Five laws that made America a better place


By Scott Klinger



What Congress accomplished in 1965 puts today’s lawmakers to shame.

Our country has no shortage of big problems. While big challenges are nothing new for Americans, how we deal with them has changed.

Fifty years ago, rising social unrest forced Congress to deal with big things — like voting rights, immigration, and access to health care and education. Over a seven-month period in 1965, Congress passed five significant laws that dealt with these pressing issues of the day. These laws forever changed life in America.

On August 6, 1965, President Lyndon B. Johnson signed the Voting Rights Act. It guaranteed the right to vote for black people in the South after decades of protests and boycotts by civil rights activists. The Voting Rights Act established federal oversight of elections in states with long-standing records of racial exclusion.

That same summer, Congress passed Medicare, the greatest single extension of access to health care and a more dignified life the country has ever experienced. Today, nearly 55 million Americans rely on Medicare for their access to health care.

Around the same time, the Immigration and Nationality Act ended quotas that were largely based on race and replaced them with an immigration system that relied more on skills and family ties. Our country became more diverse and prosperous as a result.

That year, Congress also passed two of the nation’s most important education laws.

One, the Elementary and Secondary Education Act, was a sweeping reform that invested federal funds in local schools for the first time, with an emphasis on improving the quality of school systems that served poor children.

The other, the Higher Education Act, increased federal funding of public universities and established the first low-interest college loan program to make higher education more accessible and affordable.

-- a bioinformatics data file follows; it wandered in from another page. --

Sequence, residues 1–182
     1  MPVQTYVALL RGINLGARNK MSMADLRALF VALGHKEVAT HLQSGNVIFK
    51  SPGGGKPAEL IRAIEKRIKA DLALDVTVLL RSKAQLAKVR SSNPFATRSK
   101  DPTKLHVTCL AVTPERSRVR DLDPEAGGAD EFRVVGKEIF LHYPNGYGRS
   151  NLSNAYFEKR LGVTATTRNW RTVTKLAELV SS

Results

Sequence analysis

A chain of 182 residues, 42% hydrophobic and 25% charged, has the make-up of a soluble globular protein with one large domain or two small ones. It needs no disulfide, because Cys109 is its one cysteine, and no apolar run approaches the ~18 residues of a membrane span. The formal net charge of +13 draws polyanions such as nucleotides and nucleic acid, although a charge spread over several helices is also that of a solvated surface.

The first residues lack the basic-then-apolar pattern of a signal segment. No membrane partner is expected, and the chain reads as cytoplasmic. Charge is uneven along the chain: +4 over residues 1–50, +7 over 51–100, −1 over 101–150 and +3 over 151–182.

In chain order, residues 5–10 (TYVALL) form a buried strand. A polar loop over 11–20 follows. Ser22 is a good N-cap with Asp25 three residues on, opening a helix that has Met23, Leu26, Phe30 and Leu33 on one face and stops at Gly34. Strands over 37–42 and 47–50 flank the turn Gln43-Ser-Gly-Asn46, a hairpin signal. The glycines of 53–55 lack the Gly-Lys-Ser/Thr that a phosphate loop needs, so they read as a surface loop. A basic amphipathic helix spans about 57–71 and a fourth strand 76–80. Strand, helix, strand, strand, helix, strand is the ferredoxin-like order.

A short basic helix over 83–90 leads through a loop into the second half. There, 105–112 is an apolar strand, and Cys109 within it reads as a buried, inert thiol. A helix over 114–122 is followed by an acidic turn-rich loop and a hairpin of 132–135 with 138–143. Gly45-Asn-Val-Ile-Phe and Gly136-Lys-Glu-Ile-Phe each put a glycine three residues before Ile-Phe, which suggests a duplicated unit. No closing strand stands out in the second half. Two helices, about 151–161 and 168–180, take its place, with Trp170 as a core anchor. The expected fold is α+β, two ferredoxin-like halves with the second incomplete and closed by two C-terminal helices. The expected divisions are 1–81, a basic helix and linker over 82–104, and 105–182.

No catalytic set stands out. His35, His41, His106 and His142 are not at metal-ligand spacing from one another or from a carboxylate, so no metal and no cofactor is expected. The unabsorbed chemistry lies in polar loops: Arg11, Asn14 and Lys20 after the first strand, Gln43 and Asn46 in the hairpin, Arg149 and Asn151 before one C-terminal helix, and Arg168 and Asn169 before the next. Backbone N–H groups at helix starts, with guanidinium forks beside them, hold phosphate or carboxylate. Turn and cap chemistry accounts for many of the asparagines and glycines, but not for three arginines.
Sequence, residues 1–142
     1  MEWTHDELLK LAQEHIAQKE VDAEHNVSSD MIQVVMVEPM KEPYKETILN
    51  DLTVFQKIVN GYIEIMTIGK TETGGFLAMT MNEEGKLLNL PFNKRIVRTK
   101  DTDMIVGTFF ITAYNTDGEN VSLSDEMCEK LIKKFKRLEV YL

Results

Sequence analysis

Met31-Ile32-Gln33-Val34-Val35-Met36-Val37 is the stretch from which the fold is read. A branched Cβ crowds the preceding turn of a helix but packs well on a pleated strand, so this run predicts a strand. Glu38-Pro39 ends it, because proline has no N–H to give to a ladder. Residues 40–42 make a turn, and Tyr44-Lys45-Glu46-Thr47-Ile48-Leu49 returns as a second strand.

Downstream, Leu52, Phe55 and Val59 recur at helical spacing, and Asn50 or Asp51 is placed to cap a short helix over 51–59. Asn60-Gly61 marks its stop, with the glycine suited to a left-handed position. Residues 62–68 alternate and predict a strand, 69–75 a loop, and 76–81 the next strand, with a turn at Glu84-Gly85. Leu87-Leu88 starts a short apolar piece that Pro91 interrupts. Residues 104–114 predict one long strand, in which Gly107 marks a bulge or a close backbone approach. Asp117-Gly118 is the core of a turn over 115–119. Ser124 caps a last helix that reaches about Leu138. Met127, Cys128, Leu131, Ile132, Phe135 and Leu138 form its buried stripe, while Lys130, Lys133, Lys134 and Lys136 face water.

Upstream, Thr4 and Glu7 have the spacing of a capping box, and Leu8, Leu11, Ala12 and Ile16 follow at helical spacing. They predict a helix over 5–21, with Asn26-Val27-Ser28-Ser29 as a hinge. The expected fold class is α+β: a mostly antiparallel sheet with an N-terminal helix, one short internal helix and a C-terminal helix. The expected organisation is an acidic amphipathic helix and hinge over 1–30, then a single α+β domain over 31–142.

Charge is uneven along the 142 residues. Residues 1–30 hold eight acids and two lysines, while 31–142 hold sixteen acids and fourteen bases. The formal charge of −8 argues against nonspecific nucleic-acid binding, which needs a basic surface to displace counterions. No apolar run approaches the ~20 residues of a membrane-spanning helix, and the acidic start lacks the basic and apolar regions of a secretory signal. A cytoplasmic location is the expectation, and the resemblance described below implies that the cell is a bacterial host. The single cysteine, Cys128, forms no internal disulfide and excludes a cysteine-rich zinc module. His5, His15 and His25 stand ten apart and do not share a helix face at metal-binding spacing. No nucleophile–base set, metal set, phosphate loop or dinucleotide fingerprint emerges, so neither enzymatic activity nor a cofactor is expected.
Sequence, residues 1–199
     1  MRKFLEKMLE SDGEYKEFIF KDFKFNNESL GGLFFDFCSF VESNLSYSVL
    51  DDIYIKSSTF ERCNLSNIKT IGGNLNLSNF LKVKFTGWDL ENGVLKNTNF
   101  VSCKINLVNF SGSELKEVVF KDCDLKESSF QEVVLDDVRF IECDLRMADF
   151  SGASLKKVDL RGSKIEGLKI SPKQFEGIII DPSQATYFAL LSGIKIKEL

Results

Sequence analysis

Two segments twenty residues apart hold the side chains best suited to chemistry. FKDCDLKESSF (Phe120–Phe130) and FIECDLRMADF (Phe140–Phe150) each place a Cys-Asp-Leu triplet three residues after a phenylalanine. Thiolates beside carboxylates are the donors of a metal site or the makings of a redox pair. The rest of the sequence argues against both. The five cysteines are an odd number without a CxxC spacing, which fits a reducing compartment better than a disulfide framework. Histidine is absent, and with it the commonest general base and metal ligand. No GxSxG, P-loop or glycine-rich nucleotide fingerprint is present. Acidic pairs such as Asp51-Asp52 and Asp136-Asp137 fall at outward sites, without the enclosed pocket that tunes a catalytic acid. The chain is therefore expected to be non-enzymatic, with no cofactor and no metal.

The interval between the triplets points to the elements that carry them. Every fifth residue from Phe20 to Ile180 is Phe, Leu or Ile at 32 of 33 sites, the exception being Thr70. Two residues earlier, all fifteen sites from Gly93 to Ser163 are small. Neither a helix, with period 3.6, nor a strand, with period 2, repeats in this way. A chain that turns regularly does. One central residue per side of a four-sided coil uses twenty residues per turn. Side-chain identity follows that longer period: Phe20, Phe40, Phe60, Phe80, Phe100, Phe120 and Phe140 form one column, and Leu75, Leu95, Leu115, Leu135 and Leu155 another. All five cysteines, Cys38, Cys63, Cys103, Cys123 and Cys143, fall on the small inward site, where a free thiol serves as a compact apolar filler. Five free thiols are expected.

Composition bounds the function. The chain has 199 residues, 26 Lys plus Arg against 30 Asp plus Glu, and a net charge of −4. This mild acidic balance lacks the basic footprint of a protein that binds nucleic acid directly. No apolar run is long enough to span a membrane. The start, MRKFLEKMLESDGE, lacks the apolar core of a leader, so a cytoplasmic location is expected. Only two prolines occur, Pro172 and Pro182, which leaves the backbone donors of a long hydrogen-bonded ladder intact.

Congress passed these programs because the American people demanded them and backed up their demands with actions — demonstrations, boycotts, sit-ins, shutdowns. And we were willing to pay for our nation to advance.

Fifty years ago, a taxpayer earning the median income paid between a quarter and a third of their income in taxes, similar to how much today’s median income family pays. But the contributions of America’s wealthiest families and most prosperous corporations have plummeted.

The top income tax rate on the wealthiest Americans was 70 percent in 1965, but the top rate today is just 39.5 percent. Corporations paid a top federal tax rate of 48 percent fifty years ago, which has dropped to only 35 percent today. And after loopholes and deductions, neither the wealthy nor corporations pay close to the official tax rate, meaning they’re contributing even less to the programs and services on which we all rely.

Surveys show a majority of American voters still value public schools, higher education, Medicare, family unification, and the right to vote — and that they’re willing to pay their fair share. Yet Congress has obstructed progress and cut programs and agencies crucial to the nation’s well-being and prosperity.

If lawmakers can’t take a lesson from the Congress of 1965, the rest of us should send them a memo: Deliver on our priorities or we’ll vote you out of your jobs.

By Scott Klinger

Scott Klinger is the director of revenue and spending policies at the Center for Effective Government in Washington. Distributed via www.OtherWords.org.

Scott Klinger is the director of revenue and spending policies at the Center for Effective Government in Washington. Distributed via www.OtherWords.org.

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